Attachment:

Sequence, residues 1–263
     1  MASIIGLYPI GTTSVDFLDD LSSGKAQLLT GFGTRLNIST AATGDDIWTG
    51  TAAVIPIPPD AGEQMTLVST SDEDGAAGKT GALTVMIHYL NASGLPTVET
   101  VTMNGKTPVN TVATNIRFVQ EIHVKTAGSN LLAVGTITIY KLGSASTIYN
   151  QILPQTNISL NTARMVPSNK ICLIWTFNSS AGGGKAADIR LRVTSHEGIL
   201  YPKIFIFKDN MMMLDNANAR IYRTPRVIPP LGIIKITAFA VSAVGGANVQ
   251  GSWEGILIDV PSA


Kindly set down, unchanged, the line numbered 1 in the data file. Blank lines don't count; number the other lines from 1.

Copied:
Sequence, residues 1–263